Top prize goes to Finnish student for 'The Painting Sellers'

CANNES–Finnish film student Juho Kuosmanen’s “The Painting Sellers” (“Taulukauppiaat”) nabbed the Cinefondation Selection’s First Prize for best short on Friday.

“Sellers” turns on three people who embark on an eventful road trip across Finland on the eve of Christmas to sell paintings, and strike up a friendship.

Kuosmanen previously competed at the Cinefondation with “Galaxien Ritari” in 2006 – which took third place and nabbed the Locarno film fest’s Eastman Kodak nod — and “Roadmarkers” (“Kestomerkitsijat”) in 2007 –which also camd third.

The Second Prize went to Paris-based film school La Femis’ Vincent Cardona for “Anywhere Out of the World” (“Coucou les Nuages”), a comedy about a young man who’s obssessed by the idea of flying into space.

Meanwhile, the Third Prize was awarded to two shorts – NYU student Vatche Boulghourjian’s coming-of-age feature “The Fifth Column” (“Hinkerort Zorasune”) and Serbian student Dane Komljen’s introspective drama “I Already Am Everything I Want to Have” (“Ja Vec Jesam Sve Ono Sto Zelim Da Imam”).

The jury was headed by Canadian helmer Atom Egoyan, and made up of Brazilian director Carlos Diegues and Spanish helmer Marc Recha, as well as French thesp Emmanuelle Devos and Russian actress Dinara Droukarova.

The four winning shorts will receive Euros15,000 ($18, 877) for the First Prize, $14,158 for the Second Prize and $9.438 for Third Prize

Before announcing the winners, Egoyan also pointed out that the animated-short “Miramare,” Michaela Muller’s drama about the struggle of illegal immigrants, also deserved to win a prize.

“All the films strove to find unique ways of harnessing cinematographic vision with delicate and often haunting performances,” said Egoyan.

Added the jury prexy, “It’s amazing to see the level of enthusiasm from the students, and the commitmment of the Cinefondation to use the prestige of the festival to create a link with these filmmakers.”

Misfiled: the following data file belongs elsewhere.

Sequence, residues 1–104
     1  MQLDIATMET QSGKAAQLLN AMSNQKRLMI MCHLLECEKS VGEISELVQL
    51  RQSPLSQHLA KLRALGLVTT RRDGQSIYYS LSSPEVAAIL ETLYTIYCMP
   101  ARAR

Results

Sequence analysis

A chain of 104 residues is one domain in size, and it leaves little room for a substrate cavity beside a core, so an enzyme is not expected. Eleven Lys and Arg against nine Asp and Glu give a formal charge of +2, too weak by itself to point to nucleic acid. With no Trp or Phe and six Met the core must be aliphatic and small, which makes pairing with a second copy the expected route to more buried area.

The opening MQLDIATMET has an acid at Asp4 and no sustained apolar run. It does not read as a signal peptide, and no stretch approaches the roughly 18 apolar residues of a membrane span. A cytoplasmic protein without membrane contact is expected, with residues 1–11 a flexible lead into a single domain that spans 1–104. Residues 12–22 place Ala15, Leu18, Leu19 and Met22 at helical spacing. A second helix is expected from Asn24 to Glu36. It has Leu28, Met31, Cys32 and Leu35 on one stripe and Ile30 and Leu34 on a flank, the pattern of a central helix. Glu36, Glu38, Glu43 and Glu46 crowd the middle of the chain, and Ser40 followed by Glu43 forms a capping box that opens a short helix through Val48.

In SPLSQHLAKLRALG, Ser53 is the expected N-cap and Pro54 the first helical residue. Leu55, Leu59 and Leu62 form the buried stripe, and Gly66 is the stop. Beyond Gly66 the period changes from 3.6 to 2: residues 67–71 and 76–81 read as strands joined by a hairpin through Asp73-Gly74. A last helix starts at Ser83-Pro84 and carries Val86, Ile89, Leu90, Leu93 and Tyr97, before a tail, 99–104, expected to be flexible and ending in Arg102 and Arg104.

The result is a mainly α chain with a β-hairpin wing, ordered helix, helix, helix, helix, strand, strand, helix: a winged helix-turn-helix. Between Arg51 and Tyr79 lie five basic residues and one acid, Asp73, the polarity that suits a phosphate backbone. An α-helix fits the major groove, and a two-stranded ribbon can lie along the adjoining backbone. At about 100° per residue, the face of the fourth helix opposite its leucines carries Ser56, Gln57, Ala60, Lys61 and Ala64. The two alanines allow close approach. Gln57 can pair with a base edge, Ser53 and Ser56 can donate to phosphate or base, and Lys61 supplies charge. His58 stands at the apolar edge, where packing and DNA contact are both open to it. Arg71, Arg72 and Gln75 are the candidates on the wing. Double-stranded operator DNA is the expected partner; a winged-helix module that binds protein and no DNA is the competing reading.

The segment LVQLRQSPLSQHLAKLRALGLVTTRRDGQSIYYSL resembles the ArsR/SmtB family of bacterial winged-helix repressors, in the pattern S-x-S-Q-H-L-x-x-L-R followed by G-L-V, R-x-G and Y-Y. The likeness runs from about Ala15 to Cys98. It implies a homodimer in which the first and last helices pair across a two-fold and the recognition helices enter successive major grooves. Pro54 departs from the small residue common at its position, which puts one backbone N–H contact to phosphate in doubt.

Egoyan started his directing career as a student at the University of Toronto where he helmed multiple shorts including suspenser “Open House.” Since then he’s become a central figure of international auteur cinema and a Cannes vet. Five of his films have competed at Cannes. “The Sweet Hereafter” nabbed the Grand Jury Prize in 1997.

This year’s Cinefondation Selection featured a strong presence of Eastern European student films with four out of 13 shorts coming from Croatia, Serbia, Slovakia and Hungary, pointed out Dimitra Karya, the Cinefondation’s artistic director.

More than 1,500 shorts were submitted.

Four Cinefondation Selection alumni have films screening in different sections this year in Cannes — Kornel Mundruczo’s Competition title “Tender Son – The Frankenstein Project,” Agnes Kocsis’s Un Certain Regard screener “Pal Adrienn,” Alicia Duffy’s “All Good Children” at the Directors’ Fortnight and Gonzalo Tobal’s “Cynthia Still Got the Keys” at Critics’ Week.

Created in 1998 by Gilles Jacob and run by George Goldenstern, the Cinefondation Selection has been dedicated to accompanying the work and development of new talents from all horizons.

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